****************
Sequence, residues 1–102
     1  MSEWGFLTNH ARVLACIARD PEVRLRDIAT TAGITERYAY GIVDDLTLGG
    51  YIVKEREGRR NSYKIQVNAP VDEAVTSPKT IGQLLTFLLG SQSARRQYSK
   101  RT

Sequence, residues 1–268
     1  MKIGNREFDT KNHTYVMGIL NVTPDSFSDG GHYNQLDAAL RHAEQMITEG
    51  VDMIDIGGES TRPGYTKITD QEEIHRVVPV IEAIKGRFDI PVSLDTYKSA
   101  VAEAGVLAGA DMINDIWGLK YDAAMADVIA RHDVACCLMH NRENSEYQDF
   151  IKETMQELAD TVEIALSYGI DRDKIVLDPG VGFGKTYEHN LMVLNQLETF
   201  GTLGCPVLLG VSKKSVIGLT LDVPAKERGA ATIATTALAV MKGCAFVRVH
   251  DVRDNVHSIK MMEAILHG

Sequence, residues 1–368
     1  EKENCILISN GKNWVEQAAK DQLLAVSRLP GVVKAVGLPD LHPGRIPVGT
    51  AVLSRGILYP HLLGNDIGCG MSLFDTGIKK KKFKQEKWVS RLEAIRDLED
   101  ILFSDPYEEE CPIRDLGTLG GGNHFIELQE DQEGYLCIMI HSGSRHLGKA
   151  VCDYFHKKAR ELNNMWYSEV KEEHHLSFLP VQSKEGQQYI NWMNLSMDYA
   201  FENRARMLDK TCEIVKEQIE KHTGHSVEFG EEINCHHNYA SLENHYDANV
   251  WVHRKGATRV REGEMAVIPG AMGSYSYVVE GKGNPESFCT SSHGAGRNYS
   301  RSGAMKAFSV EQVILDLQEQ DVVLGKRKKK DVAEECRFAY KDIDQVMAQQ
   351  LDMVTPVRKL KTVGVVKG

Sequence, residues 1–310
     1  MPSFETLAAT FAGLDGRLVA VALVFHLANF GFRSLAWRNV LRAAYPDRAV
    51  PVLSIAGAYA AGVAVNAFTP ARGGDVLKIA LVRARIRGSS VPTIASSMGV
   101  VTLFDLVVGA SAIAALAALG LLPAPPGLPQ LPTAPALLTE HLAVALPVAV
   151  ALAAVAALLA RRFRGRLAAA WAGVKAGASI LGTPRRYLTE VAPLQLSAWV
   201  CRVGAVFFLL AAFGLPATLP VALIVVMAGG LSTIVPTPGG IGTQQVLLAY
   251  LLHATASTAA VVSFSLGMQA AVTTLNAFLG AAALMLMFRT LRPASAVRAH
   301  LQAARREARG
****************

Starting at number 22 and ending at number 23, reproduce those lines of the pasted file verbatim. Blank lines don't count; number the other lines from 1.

     1  MPSFETLAAT FAGLDGRLVA VALVFHLANF GFRSLAWRNV LRAAYPDRAV
    51  PVLSIAGAYA AGVAVNAFTP ARGGDVLKIA LVRARIRGSS VPTIASSMGV